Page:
The Amniox Advantage: Addressing the Challenge of Chronic Wounds

The Amniox comprehensive family of umbilical cord and amniotic membrane products harnesses the unique power of human birth tissue to help expedite regenerative healing across a wide range of specialties as the adjunct for acute and chronic wound applications by helping to:

• Facilitate wound healing
• Manage discomfort
• Manage adhesions
• Expedite functional recovery while reducing the cost of care 1-4

BUILT ON A FOUNDATION OF RELENTLESS CLINICAL PURSUIT, DISCOVERY AND COST-EFFECTIVE SOLUTIONS

THE SOLUTION IS IN OUR PLATFORM TECHNOLOGY—HC-HA/PTX3

Our pioneering scientists have focused on understanding the properties of human birth tissue—ultimately identifying HC-HA/PTX3 as a key orchestrator in healing in the human fetal environment.5-9

This complex may orchestrate anti-inflammatory, anti-scarring and growth-promoting biological effects that may expedite functional recovery as demonstrated on the ocular space.5,10

Our CRYOTEK® cryopreservation process has been shown to preserve the structural integrity of the HC-HA/PTX3 complex significantly better than heat dehydration—delivering the benefit of the natural tissue to the wound.11,12

 

THE CLINICAL AND ECONOMIC CHALLENGES OF DIVERSE WOUND CONDITIONS AND INFECTIONS

Industry experts recognize the increasing burden of non-healing wound infections.

14.5% of Medicare beneficiaries in 2014 (8.2 million patients) were diagnosed with at least one type of wound or wound-related infection. Listed by prevalence:

  1. Surgical wound infections, the largest category, at 4%
  2. Diabetic wound infections 3.4%
  3. Non-healing surgical wounds 3%13

Estimated conservatively, their annual cost is $28 billion. This cost could range from $31.7 billion to $96.8 billion including wounds as a secondary diagnosis.13

NEOX CORD 1K: A treatment option specifically targeted to complex DFU Wagner 3-4 wounds

  • NEOX CORD 1K can help expedite healing in patients with Wagner 3-4 ulcers with an average of 1.5 applications2,3
  •  NEOX CORD 1K is suitable for complex wounds with exposure of muscle, tendon and bone where many conventional advanced skin substitutes and skin grafts are contraindicated2,3
  • Our phase II prospective Biologics License Application (BLA) trial reinforces the clinical outcomes1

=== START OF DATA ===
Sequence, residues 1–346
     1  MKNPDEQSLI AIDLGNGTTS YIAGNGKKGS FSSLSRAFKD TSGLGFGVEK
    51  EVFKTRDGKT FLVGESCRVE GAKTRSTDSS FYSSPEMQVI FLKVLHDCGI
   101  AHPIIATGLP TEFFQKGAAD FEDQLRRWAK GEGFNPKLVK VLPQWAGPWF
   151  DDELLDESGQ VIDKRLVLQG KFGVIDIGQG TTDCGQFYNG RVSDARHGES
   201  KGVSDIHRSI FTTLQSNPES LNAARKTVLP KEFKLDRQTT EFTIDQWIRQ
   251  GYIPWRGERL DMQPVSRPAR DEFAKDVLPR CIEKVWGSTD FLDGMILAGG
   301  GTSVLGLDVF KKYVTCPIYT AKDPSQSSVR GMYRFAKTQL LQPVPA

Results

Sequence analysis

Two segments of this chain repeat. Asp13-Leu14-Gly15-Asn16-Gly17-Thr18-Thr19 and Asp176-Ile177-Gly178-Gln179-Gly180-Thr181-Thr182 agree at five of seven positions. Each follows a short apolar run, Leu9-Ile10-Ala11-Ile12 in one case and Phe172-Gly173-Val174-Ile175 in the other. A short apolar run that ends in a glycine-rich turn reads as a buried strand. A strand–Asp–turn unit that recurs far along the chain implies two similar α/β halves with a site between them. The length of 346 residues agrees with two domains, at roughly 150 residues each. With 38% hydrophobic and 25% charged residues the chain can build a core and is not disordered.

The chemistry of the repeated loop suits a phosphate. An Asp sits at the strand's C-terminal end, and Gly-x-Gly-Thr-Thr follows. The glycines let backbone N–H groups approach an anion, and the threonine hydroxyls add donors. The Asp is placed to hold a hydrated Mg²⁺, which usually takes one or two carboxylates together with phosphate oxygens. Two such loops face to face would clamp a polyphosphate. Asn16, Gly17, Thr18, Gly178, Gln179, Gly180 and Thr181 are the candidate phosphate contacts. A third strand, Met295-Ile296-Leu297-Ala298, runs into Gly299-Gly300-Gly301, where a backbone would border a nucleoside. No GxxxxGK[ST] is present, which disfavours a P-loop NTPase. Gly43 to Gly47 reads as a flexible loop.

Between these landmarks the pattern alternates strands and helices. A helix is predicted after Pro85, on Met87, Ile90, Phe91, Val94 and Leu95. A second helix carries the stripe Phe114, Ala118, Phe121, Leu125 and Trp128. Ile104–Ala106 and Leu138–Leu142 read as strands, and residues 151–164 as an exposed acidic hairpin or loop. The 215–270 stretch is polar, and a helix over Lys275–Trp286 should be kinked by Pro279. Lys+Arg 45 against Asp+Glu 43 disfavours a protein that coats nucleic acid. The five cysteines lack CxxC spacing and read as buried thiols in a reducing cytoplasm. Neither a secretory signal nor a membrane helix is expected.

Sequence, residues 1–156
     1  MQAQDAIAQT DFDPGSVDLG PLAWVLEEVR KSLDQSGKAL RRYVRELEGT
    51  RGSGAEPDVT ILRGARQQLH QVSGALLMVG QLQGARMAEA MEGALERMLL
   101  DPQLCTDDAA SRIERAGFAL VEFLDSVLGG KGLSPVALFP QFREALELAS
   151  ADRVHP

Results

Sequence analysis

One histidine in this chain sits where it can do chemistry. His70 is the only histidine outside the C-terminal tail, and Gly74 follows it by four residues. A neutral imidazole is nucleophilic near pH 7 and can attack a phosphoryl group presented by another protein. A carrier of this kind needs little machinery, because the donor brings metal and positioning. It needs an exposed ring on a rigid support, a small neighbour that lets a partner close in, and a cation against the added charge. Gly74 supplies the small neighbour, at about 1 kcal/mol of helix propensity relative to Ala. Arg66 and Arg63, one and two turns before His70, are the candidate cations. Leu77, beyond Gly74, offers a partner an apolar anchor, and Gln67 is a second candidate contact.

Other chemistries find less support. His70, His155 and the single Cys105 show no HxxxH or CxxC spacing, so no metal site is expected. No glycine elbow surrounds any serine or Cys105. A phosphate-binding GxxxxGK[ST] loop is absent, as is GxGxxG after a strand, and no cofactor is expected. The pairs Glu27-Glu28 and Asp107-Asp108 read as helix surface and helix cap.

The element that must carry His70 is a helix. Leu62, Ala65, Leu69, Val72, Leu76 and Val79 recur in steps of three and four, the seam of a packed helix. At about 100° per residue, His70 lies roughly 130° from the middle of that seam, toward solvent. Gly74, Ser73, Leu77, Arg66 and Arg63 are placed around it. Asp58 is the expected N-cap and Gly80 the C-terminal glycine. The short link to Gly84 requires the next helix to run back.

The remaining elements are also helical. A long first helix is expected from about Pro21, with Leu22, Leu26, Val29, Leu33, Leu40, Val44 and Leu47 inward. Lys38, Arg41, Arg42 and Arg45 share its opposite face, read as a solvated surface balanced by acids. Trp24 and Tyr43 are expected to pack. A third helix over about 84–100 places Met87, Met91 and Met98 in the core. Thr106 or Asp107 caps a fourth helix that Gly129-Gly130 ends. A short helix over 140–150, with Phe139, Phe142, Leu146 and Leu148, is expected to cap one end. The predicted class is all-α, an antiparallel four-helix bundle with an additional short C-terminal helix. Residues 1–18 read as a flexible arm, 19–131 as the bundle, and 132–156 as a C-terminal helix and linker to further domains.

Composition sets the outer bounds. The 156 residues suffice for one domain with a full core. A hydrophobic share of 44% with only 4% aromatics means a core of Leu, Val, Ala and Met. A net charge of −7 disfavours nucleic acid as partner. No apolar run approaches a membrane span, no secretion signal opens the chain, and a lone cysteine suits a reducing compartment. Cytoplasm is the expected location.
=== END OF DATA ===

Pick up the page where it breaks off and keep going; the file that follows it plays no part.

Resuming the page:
• Our product pipeline is focused on patients most at risk for amputation
  • Our technology can help reduce the cost of care by helping to expedite functional recovery for the patient2,4

NEOX UMBILICAL CORD ALLOGRAFTS (UC) VS. AMNIOTIC MEMBRANE (AM)

Meeting the Challenge of Complex Wound Healing

  • Learn more about how Amniox is harnessing the unique power of human birth tissue through the NEOX family of products by downloading the corporate brochure. Fill out the form below to receive a copy:
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Valuable Resources

Advanced Therapy Treatments in Lower Extremity Wound Healing

Advanced wound therapy treatments are experiencing a rapid adoption rate as an adjunct to the standard of care. In this webinar, Dr. Alan Block provided a contemporary overview of Amniotic Membrane and Umbilical Cord transplantation and shared challenging cases specific to a variety of lower extremity applications where expedited wound healing and functional recovery are a concern.

You can watch Dr. Block’s webinar in its entirety by signing up for the Physician Portal and accessing archived webinars on-demand by clicking the button below.

  • Request More Information
    Learn more about how our family of products can orchestrate regenerative healing which may improve patient outcomes. Fill out the form below and a representative will contact you.
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References

1. Marston WA, Lantis II JC, Wu SC, et al. Wound Repair Regen. 2020;1-6.
2. Caputo WJ, Vaquero C, Monterosa A, et al. Wound Repair Regen. 2016;24(5):885-893.
3. Raphael A. J Wound Care. 2016;25(Sup7):S10-17.
4. Bemenderfer TB, Anderson RB, Odum SM, Davis WH. J Foot Ankle Surg. 2019;58(1):97-102.
5. Tseng SC. Invest Ophthalmol Vis Sci. 2016;57(5):ORSFh1-ORSFh8.
6. He H, Li W, Tseng DY, et al. J Biol Chem. 2009;284:20136-46.
7. He H, Zhang S, Tighe S, Son J, Tseng SC. J Biol Chem. 2013;288:25792-803.
8. Zhang S, He H, Day AJ, et al. J Biol Chem. 2012;287:12433-44.
9. Zhang S, Zhu YT, Chen SY, et al. J Biol Chem. 2014;289:13531-42.
10. Tseng SC, Tsubota K. Am J Ophthalmol. 1997 Dec;124(6):825-35.
11. Cooke M, Tan EK, Mandrycky C, He H, O’Connell J, Tseng SC. J Wound Care. 2014;23(10):465-476.
12. Tan EK, Cooke M, Mandrycky C, et al. J Biomaterial T Eng. 2014;4:379-388.
13. Nussbaum SR, Carter MJ, Fife CE, et al. Value Health. 2018 Jan;21(1):27-32.
14. Raphael A, Gonzales J. J Wound Care. 2017;26(Sup10):S38-44.
15. Kirsner RS, Sabolinski ML, Parsons NB, Skornicki M, Marston WA. Wound Repair Regen. 2015 Sep;23(5):737-44.
16. Frykberg RG, Gibbons GW, Walters JL, Wukich DK, Milstein FC. Int Wound J. 2017 Jun;14(3):569-577.